As much as I hate to talk about cameras, I love this camera. My first ever Leica, and my favorite still. Been through a lot, me and it. Through all the ridiculous cameras I bought and wasted money on it was always this one I used when I “needed” a photo.

    5 days ago  /  9 notes

  3. untitled on Flickr.
Saturday night in Seoul.  April, 2014.

    untitled on Flickr.

    Saturday night in Seoul.

    April, 2014.

    1 week ago  /  8 notes

  4. untitled on Flickr.
Sometimes, I miss shooting on the streets. I don’t do it much anymore. Mostly now, my camera follows me to bars or anywhere with drink, ha.
Seoul, South Korea.

    untitled on Flickr.

    Sometimes, I miss shooting on the streets. I don’t do it much anymore. Mostly now, my camera follows me to bars or anywhere with drink, ha.

    Seoul, South Korea.

    1 week ago  /  6 notes

  5. Portrait of a Korean Girl on Flickr.
"…It goes deeper. Plastic surgery is as common as cold medication with ads being on every bus, in every station, and just about anywhere else you might imagine. Strategically placed, often in the fashion-able areas of the city or the areas with a lot of high school and university students the percentage of regular clinics to plastic surgery hospitals is lopsided in a way you might not believe. Once going to one, the girls are wined and dined with beautiful workers and before and after photos. The waiting rooms are more luxurious than the best of hotels. The sad part is, after the surgery is over the patients are shuffled off into army style cots in shared rooms that look like they belong in the dingiest of Seoul motels. The wining and dining is over. People have asked me why I label a lot of my new photos with “여자들”. It simply means, girls or women, but the connotation is far from simple. One girl once told me: ” Being a Korean girl is spending an entire life figuring out which mask to wear and when.” “Do you ever just take off the mask altogether?” “Would a diver take off their mask? They would drown, right? Die? I think I would also drown”….” From my blog post,  jtinseoul.wordpress.com/2014/04/07/masking/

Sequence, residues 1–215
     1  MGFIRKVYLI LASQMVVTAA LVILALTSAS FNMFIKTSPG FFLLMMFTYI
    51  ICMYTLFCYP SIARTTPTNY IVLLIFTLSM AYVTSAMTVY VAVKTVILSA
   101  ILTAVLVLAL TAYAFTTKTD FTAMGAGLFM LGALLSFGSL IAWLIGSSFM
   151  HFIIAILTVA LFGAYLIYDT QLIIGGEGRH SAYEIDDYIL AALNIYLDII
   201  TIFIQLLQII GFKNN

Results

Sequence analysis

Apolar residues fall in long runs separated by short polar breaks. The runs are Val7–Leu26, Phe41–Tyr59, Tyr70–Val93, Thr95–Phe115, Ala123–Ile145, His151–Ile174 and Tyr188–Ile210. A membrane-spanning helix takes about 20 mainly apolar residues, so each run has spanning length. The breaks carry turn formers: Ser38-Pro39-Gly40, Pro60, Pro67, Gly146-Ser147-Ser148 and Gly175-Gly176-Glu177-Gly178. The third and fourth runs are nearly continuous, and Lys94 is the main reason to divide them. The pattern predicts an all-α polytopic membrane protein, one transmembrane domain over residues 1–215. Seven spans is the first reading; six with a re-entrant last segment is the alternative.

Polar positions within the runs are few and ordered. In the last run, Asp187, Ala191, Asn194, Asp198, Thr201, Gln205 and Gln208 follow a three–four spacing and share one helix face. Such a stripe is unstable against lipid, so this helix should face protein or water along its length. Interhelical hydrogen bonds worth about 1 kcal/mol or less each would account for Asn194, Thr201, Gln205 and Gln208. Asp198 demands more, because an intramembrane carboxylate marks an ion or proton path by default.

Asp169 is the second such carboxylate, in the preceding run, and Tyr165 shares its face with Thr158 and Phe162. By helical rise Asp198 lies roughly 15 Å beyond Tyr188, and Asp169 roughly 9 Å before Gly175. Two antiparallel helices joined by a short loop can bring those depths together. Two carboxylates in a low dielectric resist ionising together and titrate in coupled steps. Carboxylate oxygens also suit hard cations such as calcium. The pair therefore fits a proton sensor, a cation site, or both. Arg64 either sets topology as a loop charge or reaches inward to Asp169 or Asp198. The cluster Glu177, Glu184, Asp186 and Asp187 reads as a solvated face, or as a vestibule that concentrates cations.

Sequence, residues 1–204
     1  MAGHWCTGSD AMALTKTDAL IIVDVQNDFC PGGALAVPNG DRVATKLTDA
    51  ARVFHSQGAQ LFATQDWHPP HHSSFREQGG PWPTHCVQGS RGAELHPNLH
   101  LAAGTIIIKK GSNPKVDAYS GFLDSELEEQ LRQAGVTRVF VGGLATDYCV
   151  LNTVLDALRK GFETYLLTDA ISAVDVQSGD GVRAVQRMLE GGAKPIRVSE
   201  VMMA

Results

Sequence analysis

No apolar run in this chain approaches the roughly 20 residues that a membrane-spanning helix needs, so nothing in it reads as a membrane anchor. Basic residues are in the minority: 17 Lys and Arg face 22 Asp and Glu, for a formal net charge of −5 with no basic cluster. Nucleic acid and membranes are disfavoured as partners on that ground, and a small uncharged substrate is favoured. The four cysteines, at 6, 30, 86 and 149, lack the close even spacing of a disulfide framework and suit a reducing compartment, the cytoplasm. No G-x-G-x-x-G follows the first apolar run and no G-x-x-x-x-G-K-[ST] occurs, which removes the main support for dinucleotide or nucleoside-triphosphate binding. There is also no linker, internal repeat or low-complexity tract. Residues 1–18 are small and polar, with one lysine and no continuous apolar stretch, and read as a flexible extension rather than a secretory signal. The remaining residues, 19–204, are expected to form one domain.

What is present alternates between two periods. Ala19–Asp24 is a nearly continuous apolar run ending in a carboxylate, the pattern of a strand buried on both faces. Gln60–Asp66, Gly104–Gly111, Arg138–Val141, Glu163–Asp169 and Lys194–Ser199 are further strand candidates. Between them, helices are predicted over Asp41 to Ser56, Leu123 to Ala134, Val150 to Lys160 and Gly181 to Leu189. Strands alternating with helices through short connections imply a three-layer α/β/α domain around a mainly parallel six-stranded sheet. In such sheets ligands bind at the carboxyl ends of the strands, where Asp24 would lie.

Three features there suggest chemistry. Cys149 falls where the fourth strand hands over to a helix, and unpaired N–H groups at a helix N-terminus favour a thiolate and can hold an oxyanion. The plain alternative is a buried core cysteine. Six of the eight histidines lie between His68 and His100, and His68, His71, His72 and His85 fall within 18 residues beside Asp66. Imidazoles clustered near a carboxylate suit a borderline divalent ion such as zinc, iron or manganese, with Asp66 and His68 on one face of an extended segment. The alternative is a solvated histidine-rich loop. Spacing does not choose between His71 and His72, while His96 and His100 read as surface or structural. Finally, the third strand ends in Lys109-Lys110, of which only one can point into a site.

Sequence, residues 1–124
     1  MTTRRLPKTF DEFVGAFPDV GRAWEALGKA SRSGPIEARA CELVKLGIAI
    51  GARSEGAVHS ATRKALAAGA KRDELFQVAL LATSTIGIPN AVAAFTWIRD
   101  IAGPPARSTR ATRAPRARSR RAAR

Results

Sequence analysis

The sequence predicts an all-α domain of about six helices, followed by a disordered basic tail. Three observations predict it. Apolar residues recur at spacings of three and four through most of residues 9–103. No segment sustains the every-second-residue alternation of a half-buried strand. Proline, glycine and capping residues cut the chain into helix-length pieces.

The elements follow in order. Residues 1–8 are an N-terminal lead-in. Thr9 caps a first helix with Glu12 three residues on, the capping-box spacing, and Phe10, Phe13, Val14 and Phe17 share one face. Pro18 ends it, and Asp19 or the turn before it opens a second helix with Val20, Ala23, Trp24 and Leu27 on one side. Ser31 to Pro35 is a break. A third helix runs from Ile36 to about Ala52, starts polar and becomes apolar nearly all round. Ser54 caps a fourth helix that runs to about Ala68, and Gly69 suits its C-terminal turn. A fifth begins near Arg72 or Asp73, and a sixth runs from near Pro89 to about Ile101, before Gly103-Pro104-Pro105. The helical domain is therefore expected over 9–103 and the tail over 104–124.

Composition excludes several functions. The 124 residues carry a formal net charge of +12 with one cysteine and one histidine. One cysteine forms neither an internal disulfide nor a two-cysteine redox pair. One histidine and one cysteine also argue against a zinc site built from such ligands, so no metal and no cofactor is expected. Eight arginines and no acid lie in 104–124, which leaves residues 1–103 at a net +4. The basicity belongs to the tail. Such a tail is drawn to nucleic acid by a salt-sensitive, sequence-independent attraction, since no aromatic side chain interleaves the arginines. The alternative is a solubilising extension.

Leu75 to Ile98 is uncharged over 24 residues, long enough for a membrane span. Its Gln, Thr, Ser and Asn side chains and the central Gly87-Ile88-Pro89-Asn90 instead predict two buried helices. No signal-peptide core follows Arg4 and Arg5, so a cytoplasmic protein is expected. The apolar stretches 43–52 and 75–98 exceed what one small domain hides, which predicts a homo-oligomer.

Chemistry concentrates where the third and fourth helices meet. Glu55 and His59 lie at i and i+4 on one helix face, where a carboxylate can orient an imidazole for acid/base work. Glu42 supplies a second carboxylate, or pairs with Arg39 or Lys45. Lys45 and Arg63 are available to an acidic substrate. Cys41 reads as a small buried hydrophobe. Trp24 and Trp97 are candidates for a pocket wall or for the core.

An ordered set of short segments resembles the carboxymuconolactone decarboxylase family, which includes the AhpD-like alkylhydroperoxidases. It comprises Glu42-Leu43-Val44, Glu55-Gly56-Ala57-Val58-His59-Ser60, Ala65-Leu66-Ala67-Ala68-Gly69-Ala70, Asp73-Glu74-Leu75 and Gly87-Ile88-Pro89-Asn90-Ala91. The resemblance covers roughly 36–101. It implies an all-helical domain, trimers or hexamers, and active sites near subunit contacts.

Portrait of a Korean Girl on Flickr.

    "…It goes deeper. Plastic surgery is as common as cold medication with ads being on every bus, in every station, and just about anywhere else you might imagine. Strategically placed, often in the fashion-able areas of the city or the areas with a lot of high school and university students the percentage of regular clinics to plastic surgery hospitals is lopsided in a way you might not believe. Once going to one, the girls are wined and dined with beautiful workers and before and after photos. The waiting rooms are more luxurious than the best of hotels. The sad part is, after the surgery is over the patients are shuffled off into army style cots in shared rooms that look like they belong in the dingiest of Seoul motels. The wining and dining is over.


    People have asked me why I label a lot of my new photos with “여자들”. It simply means, girls or women, but the connotation is far from simple.


    One girl once told me:


    ” Being a Korean girl is spending an entire life figuring out which mask to wear and when.”


    “Do you ever just take off the mask altogether?”


    “Would a diver take off their mask? They would drown, right? Die? I think I would also drown”….”

    From my blog post,

    jtinseoul.wordpress.com/2014/04/07/masking/

    1 week ago  /  43 notes